Bad news, would-be lunar colonists: That dusty, airless space rock you dream of escaping to is apparently swarming with deadly projectiles. According to a new study, Earth's nearest neighbour is being bombarded by small, fast-moving chunks of debris, at a rate 100 times faster than impact models previously estimated. Processed image showing debris flung far and wide from a lunar impact crater. Image: NASA/GSFC/ASU
That startling discovery came about through an analysis of images captured by the Lunar Reconnaissance Orbiter, a NASA-led mission that's been studying the Moon from orbit since 2009. Over the past seven years, the LRO's cameras have collected about a million high-resolution images of the Moon. While most of these photos do not overlap, about 14,000 of them do, allowing for detailed before-and-after comparisons.
Writing today in Nature, researchers at Arizona State and Cornell Universities used the LRO's image banks to identify 222 freshly-formed impact craters. Ranging in size from a few feet to over 42m wide, these craters tell the story of a world that's constantly being reworked by violent encounters with rogue objects in the cosmic neighbourhood."It's just something that's happening all the time," lead study author Emerson Speyerer told Nature News.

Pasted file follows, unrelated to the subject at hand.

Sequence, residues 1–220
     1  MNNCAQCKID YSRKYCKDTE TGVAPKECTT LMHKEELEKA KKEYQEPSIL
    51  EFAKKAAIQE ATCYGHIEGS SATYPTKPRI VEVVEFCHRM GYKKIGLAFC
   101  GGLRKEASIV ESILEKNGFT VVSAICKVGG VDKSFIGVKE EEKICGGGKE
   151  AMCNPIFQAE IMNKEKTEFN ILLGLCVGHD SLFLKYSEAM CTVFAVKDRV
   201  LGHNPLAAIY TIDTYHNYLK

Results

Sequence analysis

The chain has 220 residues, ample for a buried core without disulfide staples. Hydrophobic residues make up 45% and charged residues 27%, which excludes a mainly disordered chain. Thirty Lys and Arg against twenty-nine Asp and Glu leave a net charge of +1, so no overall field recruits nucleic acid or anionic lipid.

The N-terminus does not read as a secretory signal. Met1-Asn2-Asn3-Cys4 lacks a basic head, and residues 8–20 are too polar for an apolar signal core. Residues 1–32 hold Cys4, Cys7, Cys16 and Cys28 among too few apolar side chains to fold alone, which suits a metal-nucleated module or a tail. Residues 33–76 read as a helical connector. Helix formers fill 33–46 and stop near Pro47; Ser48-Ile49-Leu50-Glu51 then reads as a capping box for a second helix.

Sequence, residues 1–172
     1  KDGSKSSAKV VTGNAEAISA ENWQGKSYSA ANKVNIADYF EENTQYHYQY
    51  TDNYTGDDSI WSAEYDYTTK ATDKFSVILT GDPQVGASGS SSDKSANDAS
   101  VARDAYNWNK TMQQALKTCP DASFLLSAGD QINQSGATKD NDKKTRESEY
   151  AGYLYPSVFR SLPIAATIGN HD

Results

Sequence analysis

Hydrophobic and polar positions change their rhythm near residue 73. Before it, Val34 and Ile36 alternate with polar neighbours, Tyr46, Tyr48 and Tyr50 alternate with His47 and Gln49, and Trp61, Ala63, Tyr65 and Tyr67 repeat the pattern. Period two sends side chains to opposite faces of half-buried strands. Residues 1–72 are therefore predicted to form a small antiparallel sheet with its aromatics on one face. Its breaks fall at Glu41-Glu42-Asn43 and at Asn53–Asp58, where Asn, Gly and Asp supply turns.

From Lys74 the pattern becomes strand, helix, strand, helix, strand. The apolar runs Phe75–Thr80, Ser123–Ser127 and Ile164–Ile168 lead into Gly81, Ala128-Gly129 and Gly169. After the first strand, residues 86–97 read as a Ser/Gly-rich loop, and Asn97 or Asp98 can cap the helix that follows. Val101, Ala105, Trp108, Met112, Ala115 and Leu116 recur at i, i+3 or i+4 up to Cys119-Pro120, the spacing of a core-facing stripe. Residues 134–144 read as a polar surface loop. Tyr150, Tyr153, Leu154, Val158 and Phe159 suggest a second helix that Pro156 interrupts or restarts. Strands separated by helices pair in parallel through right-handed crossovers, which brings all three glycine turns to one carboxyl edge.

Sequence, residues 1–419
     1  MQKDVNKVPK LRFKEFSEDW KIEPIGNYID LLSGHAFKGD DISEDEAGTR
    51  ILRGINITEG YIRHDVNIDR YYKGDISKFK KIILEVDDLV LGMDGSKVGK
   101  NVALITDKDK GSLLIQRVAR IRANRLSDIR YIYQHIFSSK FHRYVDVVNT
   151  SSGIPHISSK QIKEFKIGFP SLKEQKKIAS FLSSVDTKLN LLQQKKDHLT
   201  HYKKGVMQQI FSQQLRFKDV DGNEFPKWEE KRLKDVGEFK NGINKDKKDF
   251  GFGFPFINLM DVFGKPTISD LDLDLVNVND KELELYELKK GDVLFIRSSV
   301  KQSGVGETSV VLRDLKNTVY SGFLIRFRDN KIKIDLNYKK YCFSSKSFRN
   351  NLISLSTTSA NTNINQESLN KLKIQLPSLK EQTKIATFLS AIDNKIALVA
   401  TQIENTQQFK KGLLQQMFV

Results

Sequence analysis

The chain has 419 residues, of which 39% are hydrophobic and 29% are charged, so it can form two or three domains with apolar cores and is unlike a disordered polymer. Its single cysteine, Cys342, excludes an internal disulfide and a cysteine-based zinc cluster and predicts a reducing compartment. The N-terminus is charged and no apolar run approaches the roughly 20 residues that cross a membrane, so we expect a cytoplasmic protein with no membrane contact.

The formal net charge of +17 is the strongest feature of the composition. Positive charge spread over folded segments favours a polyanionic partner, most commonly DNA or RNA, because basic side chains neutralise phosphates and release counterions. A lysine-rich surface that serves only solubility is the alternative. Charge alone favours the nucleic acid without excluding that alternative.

The team also observed 47,000 more subtle surface changes — markings that form when a meteorite punches out a crater and sends a wave of molten rock shooting across the surface at high speeds. These features, very scientifically dubbed "splotches", are tilling the upper few centimetres of the lunar regolith at an extraordinary rate, the result being that the entire surface gets a face-lift every 81,000 years or so. It's a strange thought, but when our distant ancestors gazed up at the Moon, the face they saw might have been subtly, but profoundly different from the one in our sky today.
This isn't the first time scientists have gotten excited about unusual levels of activity on the Moon. A study published in Nature a few years back also concluded that meteor showers are kicking up lunar dust at a higher rate than previously assumed, meaning that, sadly, the Apollo astronauts' iconic footprints will soon be rubbed away. With a growing body of evidence to support the idea that our nearest neighbour is basically the solar system's punching bag, those interested in mining the moon, or turning it into an overpriced holiday getaway, ought to start thinking carefully about how make their infrastructure bullet-proof. Otherwise, things are going to get ugly up there.